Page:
Citigroup CEO Vikram Pandit was denied a $15 million payday on Wednesday when the company’s shareholders voted against a proposed pay package that would have put millions of dollars into the pockets of the company’s top five executives.
A principal at a firm that owns 5 million Citi shares told the New York Times:
“CEOs deserve good pay, but there’s good pay and there’s obscene pay.”
55% of the company’s shareholders voted against the pay package and while the vote is non-binding outgoing chairman Richard Parsons says the board of directors will take it under serious consideration.
The vote comes after Citigroup has long been criticized for providing some of the biggest bonuses in the banking industry despite awful stock performance that regularly places the company as dead last among large scale banking providers. Citi shares managed to close up 3.18 percent at $35.08 however the company’s stock is still down 80 percent since the financial crisis.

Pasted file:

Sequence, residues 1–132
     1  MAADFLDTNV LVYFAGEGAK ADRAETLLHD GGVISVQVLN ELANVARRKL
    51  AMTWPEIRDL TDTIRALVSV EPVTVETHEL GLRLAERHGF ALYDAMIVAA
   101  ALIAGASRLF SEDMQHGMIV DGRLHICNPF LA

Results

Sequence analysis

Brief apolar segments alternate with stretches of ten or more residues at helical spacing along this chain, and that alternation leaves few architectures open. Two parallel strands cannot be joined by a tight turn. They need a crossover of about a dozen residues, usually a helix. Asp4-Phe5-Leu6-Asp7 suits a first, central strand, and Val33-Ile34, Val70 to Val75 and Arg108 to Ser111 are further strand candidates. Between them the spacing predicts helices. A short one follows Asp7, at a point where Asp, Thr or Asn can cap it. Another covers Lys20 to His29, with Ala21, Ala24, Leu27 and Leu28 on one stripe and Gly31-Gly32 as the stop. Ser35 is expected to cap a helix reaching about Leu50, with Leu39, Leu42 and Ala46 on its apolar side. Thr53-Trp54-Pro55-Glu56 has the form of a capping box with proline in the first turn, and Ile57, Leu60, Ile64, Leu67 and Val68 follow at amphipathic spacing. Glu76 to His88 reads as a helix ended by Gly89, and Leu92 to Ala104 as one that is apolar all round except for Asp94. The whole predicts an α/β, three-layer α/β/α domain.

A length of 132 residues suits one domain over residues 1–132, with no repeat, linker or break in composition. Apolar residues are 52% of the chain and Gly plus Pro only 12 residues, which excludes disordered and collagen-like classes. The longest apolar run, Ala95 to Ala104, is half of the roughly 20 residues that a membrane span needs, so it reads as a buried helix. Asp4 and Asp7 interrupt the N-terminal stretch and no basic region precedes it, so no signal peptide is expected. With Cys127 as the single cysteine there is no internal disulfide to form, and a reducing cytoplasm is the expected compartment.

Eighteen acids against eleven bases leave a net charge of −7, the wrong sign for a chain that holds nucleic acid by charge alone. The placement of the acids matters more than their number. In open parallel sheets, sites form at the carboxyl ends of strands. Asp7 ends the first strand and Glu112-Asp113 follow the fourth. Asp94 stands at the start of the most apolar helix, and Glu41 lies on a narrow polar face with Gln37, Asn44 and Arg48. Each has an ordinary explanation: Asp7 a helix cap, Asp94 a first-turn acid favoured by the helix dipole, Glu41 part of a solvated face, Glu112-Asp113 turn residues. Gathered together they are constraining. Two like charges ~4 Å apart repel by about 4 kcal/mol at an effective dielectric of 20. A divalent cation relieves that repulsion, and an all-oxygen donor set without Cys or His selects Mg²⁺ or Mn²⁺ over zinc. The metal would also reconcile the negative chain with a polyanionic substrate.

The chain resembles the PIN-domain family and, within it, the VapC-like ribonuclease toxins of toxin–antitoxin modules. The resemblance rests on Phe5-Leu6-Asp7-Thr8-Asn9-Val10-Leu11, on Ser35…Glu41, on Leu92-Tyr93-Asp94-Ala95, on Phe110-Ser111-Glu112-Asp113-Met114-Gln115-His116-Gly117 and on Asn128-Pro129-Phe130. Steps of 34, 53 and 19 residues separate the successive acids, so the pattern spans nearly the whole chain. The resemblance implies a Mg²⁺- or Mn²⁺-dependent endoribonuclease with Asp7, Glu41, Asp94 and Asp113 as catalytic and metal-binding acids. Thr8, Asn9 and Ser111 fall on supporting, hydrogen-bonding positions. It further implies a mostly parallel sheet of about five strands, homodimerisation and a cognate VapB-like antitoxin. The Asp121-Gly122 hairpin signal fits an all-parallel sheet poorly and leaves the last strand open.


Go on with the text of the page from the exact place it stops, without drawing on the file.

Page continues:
Shareholders deciding to vote against the pay marks one of the very few times shareholders have voted against a compensation package since the Dodd-Frank Act created a “say on pay” voting system. This is the first time Citigroup has been targeted with a vote although 2% of compensation packages received the same type of criticism in 2011.
Not all Citigroup investors oppose the compensation package, Bill Ackman, head of Perhshing Square Capital Management pointed out that Mr. Pandit received a $1 salary in both 2009 and 2010 adn taht in 2011 the company’s net income was up 4 percent from 2010 to $11.1 billion.
With 2 percent of its workforce being axed to you think CEO Vikram Pandit deserves a $15 million payday?